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So Much for the Afterglow

Kawhi giveth and Kawhi taketh away. With the Finals MVP choosing to uproot for Los Angeles after one miracle season in Toronto, the Raptors could be waiting a while for their next big moment.

Getty Images/Ringer illustration

In the wee hours of July 6, Kawhi Leonard set new coordinates for three different franchises in one fell swoop, but sealed the fate of only one of them. There is still much to find out about the Clippers, who landed the crown jewel of free agency by executing one of the most unexpected trades in league history, and the Lakers, who, through it all, still have two of the seven best players on their team. Caught with the short shrift are the Raptors, who, without a franchise-changing talent, find themselves staring down a potential transition season. It hasn’t even been a month since the Raptors were anointed. For longtime fans, this is par for the course.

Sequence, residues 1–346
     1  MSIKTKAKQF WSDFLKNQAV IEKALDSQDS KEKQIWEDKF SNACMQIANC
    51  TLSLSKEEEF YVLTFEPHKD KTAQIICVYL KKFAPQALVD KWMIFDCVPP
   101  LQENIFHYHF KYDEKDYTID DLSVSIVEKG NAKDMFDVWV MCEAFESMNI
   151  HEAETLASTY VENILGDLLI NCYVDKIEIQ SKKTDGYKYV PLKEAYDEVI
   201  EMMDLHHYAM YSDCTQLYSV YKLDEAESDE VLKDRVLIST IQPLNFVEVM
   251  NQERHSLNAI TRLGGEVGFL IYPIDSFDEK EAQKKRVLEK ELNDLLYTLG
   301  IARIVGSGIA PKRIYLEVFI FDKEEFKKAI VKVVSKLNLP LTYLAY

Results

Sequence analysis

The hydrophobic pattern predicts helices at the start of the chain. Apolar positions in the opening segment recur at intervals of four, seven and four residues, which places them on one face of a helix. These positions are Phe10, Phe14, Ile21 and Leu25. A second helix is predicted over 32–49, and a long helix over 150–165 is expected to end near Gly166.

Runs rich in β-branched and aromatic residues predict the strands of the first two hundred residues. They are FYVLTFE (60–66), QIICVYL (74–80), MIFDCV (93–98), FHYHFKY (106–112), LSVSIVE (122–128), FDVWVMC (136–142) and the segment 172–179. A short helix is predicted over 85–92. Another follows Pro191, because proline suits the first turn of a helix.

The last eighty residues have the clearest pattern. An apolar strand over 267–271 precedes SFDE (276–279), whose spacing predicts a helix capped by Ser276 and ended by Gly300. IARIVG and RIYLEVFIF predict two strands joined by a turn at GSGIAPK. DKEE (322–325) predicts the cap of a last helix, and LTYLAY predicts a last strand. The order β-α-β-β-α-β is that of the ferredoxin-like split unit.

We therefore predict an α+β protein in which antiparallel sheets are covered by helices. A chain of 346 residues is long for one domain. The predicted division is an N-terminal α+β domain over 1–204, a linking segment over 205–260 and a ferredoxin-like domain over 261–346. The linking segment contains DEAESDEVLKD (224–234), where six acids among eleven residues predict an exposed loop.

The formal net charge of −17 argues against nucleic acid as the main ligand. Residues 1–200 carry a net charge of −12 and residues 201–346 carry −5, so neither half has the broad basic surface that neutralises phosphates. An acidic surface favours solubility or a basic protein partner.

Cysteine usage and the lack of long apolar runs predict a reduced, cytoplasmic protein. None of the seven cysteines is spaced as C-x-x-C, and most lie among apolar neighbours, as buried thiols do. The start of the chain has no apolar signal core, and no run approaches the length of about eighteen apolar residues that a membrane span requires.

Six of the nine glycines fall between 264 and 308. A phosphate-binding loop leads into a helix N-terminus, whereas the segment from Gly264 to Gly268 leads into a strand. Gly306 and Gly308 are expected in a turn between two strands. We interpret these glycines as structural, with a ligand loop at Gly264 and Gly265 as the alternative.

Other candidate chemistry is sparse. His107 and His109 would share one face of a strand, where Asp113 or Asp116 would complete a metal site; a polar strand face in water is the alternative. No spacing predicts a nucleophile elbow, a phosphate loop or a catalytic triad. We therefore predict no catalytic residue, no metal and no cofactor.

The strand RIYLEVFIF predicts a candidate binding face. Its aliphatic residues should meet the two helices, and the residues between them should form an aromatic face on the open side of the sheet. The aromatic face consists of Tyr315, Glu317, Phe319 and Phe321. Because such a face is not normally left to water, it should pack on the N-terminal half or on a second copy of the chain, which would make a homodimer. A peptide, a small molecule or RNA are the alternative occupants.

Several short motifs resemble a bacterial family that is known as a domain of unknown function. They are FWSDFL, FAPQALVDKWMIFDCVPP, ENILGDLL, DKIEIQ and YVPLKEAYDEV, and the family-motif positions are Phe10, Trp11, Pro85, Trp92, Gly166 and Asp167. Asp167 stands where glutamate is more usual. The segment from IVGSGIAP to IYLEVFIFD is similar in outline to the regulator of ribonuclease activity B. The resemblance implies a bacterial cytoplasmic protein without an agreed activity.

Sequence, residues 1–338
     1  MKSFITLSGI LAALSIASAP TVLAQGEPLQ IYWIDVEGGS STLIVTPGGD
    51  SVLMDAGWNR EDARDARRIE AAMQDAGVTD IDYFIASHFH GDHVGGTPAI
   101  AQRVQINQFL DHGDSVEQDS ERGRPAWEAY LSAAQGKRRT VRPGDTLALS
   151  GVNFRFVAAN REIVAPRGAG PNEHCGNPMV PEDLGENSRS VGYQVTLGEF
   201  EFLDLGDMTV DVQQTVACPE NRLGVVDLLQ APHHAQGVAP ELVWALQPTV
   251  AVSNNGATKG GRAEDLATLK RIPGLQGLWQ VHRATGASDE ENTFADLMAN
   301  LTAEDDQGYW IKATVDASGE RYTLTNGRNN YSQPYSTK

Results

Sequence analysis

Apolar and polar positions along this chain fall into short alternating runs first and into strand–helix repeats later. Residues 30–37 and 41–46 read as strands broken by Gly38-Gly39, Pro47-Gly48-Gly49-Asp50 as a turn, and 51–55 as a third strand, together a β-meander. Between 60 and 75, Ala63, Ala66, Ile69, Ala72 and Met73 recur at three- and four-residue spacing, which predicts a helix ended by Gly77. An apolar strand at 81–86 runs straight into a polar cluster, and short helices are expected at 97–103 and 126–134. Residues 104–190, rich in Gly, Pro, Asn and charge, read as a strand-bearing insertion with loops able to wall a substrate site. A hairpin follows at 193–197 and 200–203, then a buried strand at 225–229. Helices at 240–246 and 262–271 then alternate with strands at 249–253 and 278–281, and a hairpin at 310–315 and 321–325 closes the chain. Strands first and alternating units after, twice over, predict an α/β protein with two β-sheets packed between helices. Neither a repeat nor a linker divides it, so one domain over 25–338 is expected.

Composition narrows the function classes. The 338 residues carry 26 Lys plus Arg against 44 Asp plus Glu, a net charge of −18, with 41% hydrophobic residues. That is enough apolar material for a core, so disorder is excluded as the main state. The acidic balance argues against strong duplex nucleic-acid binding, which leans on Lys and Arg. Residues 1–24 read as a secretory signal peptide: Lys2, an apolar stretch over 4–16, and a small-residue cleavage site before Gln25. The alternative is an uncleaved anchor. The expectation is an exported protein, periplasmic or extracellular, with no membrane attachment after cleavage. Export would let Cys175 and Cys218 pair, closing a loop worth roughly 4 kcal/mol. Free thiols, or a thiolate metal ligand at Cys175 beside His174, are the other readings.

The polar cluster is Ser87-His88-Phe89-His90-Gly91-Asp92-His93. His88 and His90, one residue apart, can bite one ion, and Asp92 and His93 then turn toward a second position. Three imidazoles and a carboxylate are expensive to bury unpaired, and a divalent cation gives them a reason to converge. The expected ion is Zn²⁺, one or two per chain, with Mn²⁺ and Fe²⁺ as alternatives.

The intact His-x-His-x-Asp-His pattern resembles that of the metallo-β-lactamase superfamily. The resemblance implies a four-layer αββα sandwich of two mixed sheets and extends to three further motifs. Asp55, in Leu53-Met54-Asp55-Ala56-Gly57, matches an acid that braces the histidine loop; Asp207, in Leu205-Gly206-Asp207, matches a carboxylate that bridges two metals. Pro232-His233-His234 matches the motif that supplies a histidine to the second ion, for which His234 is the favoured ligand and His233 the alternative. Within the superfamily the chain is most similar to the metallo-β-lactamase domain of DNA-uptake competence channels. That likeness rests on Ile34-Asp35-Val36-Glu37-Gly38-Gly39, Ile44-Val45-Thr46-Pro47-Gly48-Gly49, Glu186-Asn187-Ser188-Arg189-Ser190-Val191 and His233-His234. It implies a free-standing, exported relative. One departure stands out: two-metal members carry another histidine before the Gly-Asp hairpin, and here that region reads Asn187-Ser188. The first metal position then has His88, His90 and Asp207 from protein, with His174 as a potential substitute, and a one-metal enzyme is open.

Three weeks ago, I found myself among friends at a Filipino restaurant called Boodle Fight in Toronto’s Danforth neighborhood, eating communally with our bare hands in customary kamayan fashion. A primal meal befitting of the primal joy of ultimate victory. It was days before the parade celebrating the Raptors’ Finals win, which brought more than a million spectators to celebrate Toronto’s first major professional sports title in 26 years. We sat by the front-facing windows; one friend, clad in a Marc Gasol jersey—custom-made at the New York City NBA Store the day Gasol was traded to Toronto—had his back facing the street. A cluster of children soon formed right outside the restaurant, having just gotten out of class at nearby Wilkinson Junior Public School. We heard oohs and ahhs through the glass. Wow, Marc Gasol! For all those kids knew, that could have actually been Gasol in their midst.